Update: I’ve somewhat changed my view about whether the challenge proceeds county-by-county. Sort of yes, sort of no, but I think the remedy is a statewide redo.
Brian Martin points out one in comments: Election contests proceed county-by-county. You go to court in one county, make your proof in hopes to get one of two remedies (a redo or a change of result, depending on what you prove). The remedy is not state-wide, and (without checking) I don’t think there are provisions for such a thing. So a win would be Pyrrhic– you’d get one county revote for each county win, and I’ll bet there’s no way you could work that so you’d get enough counties overturned to make a difference in the ultimate result.
A second thing occurred to me describing this to an election lawyer: The affidavits I described (a voter saying that he or she voted with a present intent not to support the nominee in the general) might suffice for a prima facie case, but you can rest assured that Barbour’s lawyers (and probably those for the county executive committee) will object to their admission, that the voter must be called as a witness for cross-examination. So the challenger would have to subpoena each and every one to be sure this would work.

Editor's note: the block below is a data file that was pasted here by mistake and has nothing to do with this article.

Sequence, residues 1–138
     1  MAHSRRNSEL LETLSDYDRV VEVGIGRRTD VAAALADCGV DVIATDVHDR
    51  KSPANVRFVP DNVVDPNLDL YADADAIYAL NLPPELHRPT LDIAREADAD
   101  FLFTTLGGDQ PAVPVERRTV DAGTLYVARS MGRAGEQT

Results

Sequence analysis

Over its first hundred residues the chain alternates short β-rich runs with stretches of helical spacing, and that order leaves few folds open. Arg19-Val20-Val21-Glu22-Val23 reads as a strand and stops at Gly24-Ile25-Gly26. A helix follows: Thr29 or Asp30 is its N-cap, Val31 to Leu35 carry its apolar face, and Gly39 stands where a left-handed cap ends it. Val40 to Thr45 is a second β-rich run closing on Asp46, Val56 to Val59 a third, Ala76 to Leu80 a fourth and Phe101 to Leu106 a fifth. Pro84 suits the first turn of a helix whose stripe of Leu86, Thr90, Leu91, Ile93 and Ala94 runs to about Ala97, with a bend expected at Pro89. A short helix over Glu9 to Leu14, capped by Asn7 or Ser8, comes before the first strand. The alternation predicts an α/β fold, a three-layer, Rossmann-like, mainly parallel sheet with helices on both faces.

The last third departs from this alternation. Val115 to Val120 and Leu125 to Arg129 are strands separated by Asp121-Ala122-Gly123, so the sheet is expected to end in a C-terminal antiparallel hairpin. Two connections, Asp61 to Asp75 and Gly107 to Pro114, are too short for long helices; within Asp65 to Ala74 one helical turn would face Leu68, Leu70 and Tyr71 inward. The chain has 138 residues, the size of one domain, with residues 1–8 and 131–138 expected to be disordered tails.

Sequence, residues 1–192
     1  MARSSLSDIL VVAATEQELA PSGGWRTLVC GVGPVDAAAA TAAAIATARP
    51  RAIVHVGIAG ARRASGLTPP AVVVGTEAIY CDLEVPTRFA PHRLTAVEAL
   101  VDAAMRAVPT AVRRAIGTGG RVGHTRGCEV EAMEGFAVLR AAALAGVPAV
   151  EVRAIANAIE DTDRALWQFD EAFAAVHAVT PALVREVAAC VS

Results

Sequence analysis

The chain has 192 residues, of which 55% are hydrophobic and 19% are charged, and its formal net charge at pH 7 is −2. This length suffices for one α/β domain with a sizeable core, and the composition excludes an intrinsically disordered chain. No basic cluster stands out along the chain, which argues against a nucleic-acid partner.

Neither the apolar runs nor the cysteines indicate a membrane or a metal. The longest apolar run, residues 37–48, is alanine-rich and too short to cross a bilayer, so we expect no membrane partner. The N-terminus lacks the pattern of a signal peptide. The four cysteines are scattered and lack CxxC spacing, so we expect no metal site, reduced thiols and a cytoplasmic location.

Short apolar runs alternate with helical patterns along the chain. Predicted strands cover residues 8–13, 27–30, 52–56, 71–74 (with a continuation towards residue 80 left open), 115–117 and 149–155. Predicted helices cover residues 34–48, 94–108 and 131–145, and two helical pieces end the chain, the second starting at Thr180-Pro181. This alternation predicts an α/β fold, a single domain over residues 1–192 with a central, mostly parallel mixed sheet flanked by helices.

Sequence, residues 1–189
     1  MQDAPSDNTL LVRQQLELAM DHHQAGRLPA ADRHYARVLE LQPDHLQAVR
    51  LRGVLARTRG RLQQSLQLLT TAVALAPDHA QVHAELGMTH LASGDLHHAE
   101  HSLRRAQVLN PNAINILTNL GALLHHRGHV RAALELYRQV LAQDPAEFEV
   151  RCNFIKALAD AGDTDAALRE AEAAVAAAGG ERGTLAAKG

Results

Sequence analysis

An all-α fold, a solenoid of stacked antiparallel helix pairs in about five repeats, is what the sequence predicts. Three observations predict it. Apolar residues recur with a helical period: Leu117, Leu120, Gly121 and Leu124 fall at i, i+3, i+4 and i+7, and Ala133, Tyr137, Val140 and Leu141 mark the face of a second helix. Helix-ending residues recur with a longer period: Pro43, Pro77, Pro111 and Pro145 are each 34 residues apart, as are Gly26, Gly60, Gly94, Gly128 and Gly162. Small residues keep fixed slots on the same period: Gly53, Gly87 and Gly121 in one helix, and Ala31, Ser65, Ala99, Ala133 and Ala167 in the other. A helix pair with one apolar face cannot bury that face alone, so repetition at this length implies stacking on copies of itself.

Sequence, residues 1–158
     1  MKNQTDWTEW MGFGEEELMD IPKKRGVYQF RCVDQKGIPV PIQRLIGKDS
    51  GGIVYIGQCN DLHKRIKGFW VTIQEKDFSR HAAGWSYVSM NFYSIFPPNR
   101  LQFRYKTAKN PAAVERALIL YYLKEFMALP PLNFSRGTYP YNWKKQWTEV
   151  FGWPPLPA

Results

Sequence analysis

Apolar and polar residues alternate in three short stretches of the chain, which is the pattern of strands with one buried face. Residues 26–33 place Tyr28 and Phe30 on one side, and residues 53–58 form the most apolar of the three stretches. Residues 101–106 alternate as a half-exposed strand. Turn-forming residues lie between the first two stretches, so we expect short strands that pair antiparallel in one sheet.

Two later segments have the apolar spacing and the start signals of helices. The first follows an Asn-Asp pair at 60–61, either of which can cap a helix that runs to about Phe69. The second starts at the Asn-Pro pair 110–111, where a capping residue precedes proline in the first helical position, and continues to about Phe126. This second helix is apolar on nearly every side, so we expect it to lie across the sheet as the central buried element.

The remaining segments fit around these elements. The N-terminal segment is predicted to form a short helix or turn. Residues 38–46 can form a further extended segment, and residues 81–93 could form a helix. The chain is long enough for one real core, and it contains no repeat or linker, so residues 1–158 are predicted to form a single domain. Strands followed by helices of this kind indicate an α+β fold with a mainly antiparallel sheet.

I don’t think so.
It seems to me reading between the lines that they may be trying to work up a simpler challenge: That almost 7K people voted in the run-off who voted in the Democratic primary. If they prove that, it would work, I guess, but I’m betting against there being that many. I guess he can throw in the inevitable voters who voted with some sort of mistake involved, but those are pretty serious work to identify.
If his challenge amounts to stomping his feet and claiming the Cochran campaign invited fraud but he doesn’t have to prove the extent to which it occurred, he is wasting everyone’s time and money pretty close to the point of sanctions, in my opinion.